- Redcloak, who serves as both The Dragon and something of an Anti-Villain in The Order of the Stick, is the High Priest of a dark god (aptly named "The Dark One") who preaches a better world for the Always Chaotic Evil Goblin race, who, in the Dungeons & Dragons themed world, are doomed to the fate of being Mooks for the "heroes" to gain XP from. His plan is to blackmail the Gods into evening things out for his race. Although he preaches a better future, he is a ruthless and brutal individual who despises humans (particularly paladins, who killed his family) and (formerly) hobgoblins.
- Lord Xykon and even Redcloak's brother Right-Eye believe Redcloak is full of it and that his Dark Messiah act is nothing but an excuse for his inexcusable deeds. The real reason Redcloak is so committed to the Plan is because quitting now would mean that the deaths of all the goblins that occurred in the name of the Plan (many of whom were killed by Xykon for fun) including Right-Eye whom Redcloak murdered to protect Xykon would have been for nothing. He can't face shouldering the blame for all those deaths.
- Redcloak's God, The Dark One, was this before he Ascended to godhood.
- Baron Wulfenbach, from Girl Genius. Formerly, the Anti-Hero Lancer to a pair of traditional messianic types; he was a minor noble who was exiled after an attack by The Other. When he returned, he found chaos reigning in Europe. So he conquered everything and became a ruthless dictator to maintain order and peace. And it worked. Showcased here.
- Last Res0rt has Veled, the 'Messiah of the Endless', who has gone on to become Ziligo's head of the military, although she comes off as more Necessarily Evil because of her precarious political situation. And now, we know that she intends to destroy the Endless.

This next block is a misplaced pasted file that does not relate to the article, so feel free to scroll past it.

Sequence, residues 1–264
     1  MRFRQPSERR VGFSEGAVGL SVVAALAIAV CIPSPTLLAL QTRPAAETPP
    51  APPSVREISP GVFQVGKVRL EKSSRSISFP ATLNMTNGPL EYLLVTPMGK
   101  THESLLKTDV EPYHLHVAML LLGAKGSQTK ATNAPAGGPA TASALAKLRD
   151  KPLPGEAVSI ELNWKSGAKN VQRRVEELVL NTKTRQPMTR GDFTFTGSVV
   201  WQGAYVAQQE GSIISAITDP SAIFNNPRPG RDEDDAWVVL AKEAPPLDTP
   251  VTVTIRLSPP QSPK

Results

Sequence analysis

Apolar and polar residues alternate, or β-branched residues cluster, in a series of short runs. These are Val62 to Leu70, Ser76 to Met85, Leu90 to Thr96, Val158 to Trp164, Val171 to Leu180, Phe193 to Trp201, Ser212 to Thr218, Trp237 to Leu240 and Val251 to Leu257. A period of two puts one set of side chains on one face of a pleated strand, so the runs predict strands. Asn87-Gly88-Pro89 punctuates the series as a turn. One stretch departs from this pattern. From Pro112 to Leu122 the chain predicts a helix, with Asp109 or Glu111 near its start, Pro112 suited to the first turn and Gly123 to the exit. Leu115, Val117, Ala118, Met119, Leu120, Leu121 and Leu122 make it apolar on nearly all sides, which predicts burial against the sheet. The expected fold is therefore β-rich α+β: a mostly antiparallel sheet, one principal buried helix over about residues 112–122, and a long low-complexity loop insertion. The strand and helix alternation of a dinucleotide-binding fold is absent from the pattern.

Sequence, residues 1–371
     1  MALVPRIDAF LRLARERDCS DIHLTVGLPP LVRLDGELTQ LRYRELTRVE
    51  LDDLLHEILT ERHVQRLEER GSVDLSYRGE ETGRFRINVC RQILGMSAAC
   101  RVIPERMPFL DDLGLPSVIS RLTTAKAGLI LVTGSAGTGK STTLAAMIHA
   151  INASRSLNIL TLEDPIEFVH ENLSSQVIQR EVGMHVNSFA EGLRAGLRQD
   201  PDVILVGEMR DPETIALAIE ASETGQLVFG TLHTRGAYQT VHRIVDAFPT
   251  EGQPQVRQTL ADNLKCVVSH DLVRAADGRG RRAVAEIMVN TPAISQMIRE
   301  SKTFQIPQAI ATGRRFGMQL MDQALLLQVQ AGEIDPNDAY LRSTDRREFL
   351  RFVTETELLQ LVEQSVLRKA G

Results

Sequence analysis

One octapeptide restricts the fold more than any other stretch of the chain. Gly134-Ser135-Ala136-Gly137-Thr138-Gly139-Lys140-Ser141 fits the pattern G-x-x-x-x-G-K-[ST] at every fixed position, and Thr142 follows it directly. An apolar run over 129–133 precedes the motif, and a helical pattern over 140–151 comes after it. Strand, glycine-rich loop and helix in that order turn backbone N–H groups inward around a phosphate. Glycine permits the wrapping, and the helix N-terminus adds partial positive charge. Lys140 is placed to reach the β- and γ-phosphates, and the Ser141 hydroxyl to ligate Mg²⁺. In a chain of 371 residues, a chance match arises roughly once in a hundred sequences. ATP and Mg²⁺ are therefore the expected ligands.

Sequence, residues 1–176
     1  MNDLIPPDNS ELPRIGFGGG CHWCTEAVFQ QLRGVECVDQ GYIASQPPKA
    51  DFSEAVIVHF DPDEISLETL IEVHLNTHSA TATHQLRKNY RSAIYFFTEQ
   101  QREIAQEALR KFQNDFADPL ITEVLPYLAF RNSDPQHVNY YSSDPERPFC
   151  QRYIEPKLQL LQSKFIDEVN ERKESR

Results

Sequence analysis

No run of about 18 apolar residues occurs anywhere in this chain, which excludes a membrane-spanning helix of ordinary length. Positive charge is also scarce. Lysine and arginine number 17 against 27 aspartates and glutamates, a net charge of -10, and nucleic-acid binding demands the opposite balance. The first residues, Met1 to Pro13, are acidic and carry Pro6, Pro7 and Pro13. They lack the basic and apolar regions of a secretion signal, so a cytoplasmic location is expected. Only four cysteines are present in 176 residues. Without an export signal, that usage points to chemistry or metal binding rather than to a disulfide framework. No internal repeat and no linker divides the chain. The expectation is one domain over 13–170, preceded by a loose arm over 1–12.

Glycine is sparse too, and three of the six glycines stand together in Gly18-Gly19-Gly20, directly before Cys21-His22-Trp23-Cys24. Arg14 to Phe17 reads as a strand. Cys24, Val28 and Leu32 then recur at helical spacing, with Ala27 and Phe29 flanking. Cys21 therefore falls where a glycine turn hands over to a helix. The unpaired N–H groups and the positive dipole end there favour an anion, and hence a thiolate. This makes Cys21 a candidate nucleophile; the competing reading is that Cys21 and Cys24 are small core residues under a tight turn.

- Homestuck: After Gamzee goes sober, he starts believing that he is both of the Mirthful Messiahs worshipped by his Juggalo religion. Which is somewhat true, considering that he's a descendant of the Grand Highblood. As such, it is now his glorious duty to subjugglate all the lowbloods and paint murals with their blood.
- As it turns out, he isn't the Mirthful Messiahs, and never believed he was. Said Messiahs do exist however, and he eventually started serving them.
- Amon from The Legend of Korra fits this trope. He leads the Equalists, an Antimagical Faction that wishes to rid the world of bending, claiming that benders oppress the non-benders of the world (and he's not entirely wrong). His status as a Dark Messiah stems from how he claims to have been chosen by the spirits to replace the Avatar as the world's savior, believing that the Avatar has failed to balance the world as promised.
- Villain Has a Point, heck, several points when the rest of the story starts playing out with the next season — even if what he does with them is highly dodgy. Let alone how he goes about doing what he wants to achieve. It's what makes him a scarily effective version of the trope.
- In The Avengers: Earth's Mightiest Heroes, the Leader and Ultron claim to be "saving the world" by causing destruction and wanting to kill off the human race.
- The Skrulls use this with Skrull!Captain America telling humanity to surrender to the Skrulls.